|Abstract||Increasing pressures on natural resources in the 21st century require reassessment of the geological framework necessary to successfully manage land use planning issues and economic development. In
formerly glaciated terrains, surficial sediments commonly host much of the groundwater resources that sustain agriculture, industry, potable water, shallow, low-temperature geothermal systems, and, groundwater is also critical to ecosystem health.
There is increasing concern about contamination of shallow potable water from alternative energy developments (e.g. shale gas) and how climate change may impact the availability and quality of groundwater. To address these issues, there is a need to
develop a data-driven, 3D framework for surficial geology in Canada, which captures, develops, manages, and disseminates related data and knowledge, including 3D geological models. Notably, to address various jurisdictional responsibilities and to
optimize scarce financial and human resources, progress can be most efficiently advanced through inter-governmental and inter-disciplinary collaboration.|
The surficial geology of Canada is diverse and has complex stratigraphy. There is variable,
intense, land use pressure on surface sediment. It is thus reasonable to assume that no single methodology should be used for mapping surficial geology in 3D, even though some materials exist across diverse geological settings. Approaches might vary
across settings; however, common data and methodological frameworks can be utilized. A common data framework includes a data model covering the breadth of input data and output models, a well-structured science language aligned with national and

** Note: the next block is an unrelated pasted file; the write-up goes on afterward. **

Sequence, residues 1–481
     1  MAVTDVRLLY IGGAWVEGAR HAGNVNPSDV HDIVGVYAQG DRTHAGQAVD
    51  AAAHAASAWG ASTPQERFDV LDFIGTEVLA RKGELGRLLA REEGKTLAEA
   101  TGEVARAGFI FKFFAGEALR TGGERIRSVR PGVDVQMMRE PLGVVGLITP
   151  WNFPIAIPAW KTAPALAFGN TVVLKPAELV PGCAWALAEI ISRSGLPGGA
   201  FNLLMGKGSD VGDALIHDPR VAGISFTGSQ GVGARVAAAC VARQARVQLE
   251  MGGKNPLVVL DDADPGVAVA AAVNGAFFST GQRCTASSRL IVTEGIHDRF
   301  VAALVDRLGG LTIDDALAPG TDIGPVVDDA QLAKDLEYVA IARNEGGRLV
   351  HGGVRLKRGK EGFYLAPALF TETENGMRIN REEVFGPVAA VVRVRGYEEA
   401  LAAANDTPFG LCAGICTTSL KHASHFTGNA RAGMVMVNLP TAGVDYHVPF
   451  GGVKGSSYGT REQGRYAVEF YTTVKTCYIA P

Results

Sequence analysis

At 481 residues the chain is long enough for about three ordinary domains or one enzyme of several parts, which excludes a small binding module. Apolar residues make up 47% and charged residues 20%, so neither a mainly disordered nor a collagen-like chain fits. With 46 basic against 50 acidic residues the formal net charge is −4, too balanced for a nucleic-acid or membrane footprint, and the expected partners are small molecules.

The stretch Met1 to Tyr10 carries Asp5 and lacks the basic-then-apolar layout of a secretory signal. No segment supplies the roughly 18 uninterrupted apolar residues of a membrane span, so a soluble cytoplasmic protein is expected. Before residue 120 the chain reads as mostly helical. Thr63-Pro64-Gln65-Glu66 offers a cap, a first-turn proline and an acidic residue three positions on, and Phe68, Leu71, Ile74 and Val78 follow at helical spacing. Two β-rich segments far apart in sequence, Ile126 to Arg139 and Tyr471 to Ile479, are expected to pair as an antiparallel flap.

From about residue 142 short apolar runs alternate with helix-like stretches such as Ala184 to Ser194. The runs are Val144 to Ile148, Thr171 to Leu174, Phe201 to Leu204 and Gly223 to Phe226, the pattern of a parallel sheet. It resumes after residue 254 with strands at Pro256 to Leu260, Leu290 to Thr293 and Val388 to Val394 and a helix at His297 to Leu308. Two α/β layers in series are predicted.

international standards, development of an appropriate metadata structure, and, the capture of key stratigraphic and ancillary legacy data. A common science framework then includes development of conceptual geological models that are supported by an
understanding of the geological processes responsible for the development of individual geological terrains. This will provide the necessary insight to support stratigraphic classifications, which will further facilitate integration of disparate
(e.g. geophysical) data, legacy data (e.g., geotechnical logs) and low quality archival data (e.g. water well records).
An approach is presented that builds on parsing the Canadian landscape into distinct geological domains, (e.g., Precambrian
Shield, Phanerozoic basins, orogenic belts) each of which is supported by an idealized stratigraphic succession. A workflow is reviewed for 3D mapping with two different approaches to model development based on: i) stratigraphic complexity, ii)
sediment thickness, and iii) availability of subsurface data. For large areas of the Canadian Shield with limited subsurface data, a knowledge-driven approach, relying primarily on landforms and surficial mapping, is employed. The approach taken for
a 32,000 km2 area of the Slave Province in NWT will be previewed. For areas of thicker sediment (i.e., up to 200 m) that have more abundant subsurface information, a data-driven approach is taken. A number of work flows have been employed in mapping
areas ranging up to 240,000 km2 in southern Canada by academic, private sector, and government agencies. Several of these methods will be reviewed and assessed based on their operational functionality for mapping large areas and multi-jurisdictional